CRANBURY, N.J., June 25, 2013 (GLOBE NEWSWIRE) -- Amicus Therapeutics (Nasdaq:FOLD) today disclosed a preclinical Chaperone-Advanced Replacement Therapy (CHART™) program for Mucopolysaccharidosis Type I (MPS I), a lysosomal storage disease caused by missing or deficient alpha-L-iduronidase (IDUA) enzyme. Amicus is developing a proprietary human recombinant IDUA (rhIDUA) enzyme co-formulated with a novel pharmacological chaperone as a next-generation therapy for MPS I.
The pharmacological chaperone is designed to improve tissue uptake and reduce the immunogenicity of rhIDUA by stabilizing the enzyme in its properly folded and active form. In addition, in support of its development of a proprietary rhIDUA enzyme, Amicus has received a grant of up to approximately $250,000 from a private U.S.-based donor that provides medical research grants to find better treatments and cures for rare genetic disorders, including lysosomal storage diseases.
David J. Lockhart, Ph.D., Chief Scientific Officer of Amicus Therapeutics, said, "This grant expands our preclinical work and supports our development of a next-generation therapy for MPS I. Our goal is to engineer a proprietary, potentially bio-better rhIDUA enzyme that may be further improved by the addition of a pharmacological chaperone stabilizer. First-generation ERT for MPS I has helped to improve certain manifestations of the disease, however, rhIDUA is highly immunogenic. Directly co-formulating rhIDUA with a chaperone has the potential to increase enzyme stability in the infusion bag and in circulation, enhance uptake of active enzyme in disease-relevant tissues, and potentially reduce immunogenicity."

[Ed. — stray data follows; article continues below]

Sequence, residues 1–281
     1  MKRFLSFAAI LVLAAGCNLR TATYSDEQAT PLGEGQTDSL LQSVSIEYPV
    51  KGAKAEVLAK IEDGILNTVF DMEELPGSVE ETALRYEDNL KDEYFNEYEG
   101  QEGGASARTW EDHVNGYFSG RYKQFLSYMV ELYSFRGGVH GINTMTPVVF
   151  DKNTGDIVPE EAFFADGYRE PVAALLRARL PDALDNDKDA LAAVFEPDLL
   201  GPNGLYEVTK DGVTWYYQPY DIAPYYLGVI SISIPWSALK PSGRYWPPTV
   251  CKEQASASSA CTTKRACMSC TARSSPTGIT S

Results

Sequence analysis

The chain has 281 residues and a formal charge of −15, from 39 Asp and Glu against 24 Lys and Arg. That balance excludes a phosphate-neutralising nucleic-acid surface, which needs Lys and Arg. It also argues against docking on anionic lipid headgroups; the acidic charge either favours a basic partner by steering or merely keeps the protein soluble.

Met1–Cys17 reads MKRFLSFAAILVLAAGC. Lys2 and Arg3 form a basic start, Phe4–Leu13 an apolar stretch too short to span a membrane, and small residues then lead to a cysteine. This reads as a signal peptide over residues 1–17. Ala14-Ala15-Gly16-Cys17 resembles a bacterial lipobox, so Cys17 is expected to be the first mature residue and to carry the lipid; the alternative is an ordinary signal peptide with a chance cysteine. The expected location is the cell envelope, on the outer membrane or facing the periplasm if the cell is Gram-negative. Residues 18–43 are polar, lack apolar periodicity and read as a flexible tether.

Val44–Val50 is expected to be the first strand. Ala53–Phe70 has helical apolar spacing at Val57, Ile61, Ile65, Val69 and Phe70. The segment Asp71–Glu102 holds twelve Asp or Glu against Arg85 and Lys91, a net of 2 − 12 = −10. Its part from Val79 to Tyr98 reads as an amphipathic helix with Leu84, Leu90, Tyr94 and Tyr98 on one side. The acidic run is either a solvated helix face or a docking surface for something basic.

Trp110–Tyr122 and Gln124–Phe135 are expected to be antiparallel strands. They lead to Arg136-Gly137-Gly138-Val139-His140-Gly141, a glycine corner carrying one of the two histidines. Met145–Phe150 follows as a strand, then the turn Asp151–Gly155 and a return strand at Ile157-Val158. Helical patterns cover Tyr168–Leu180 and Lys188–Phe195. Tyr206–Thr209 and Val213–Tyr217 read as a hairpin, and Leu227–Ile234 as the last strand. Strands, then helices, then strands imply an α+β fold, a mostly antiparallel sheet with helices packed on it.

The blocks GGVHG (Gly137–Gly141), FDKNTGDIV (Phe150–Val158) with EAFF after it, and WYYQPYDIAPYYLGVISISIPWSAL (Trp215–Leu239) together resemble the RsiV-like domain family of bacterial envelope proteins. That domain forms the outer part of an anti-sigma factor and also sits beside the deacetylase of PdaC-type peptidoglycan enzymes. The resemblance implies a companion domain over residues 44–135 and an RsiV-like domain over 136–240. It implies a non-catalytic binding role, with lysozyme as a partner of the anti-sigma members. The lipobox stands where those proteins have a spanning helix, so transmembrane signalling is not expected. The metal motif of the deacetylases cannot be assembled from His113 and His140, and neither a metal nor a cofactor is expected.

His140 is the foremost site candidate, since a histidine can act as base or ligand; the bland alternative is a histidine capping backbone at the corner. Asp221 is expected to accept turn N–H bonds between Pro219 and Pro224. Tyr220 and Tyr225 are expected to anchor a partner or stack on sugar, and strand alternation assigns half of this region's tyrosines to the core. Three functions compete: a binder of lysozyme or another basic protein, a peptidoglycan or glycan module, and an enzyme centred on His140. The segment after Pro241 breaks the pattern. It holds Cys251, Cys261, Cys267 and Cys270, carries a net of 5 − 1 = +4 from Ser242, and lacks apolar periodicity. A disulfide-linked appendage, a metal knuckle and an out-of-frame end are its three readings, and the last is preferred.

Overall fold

In people with MPS I, missing or deficient IDUA leads to the accumulation of complex carbohydrates that can affect physical abilities, organ and system functioning, as well as mental and skeletal development. First-generation ERT (laronidase) with rhIDUA has been shown to improve walking capacity and pulmonary function in people with MPS I. However, most patients who receive laronidase develop anti-rhIDUA antibodies, and the laronidase label carries a black-box warning that cites life-threatening anaphylactic reactions in some patients during infusion.1 Amicus believes it may be able to improve upon the properties of the rhIDUA enzyme itself, while also incorporating a pharmacological chaperone stabilizer.
John F. Crowley, Chairman and Chief Executive Officer of Amicus Therapeutics, stated, "Our MPS I program is an additional step forward for our CHART platform technology to combine proprietary enzymes with novel pharmacological chaperones across the lysosomal storage diseases. Importantly, the grant funding supports our internal biologics capabilities at Amicus, which we are leveraging alongside our expertise with chaperones to develop next-generation therapies for people living with lysosomal storage diseases."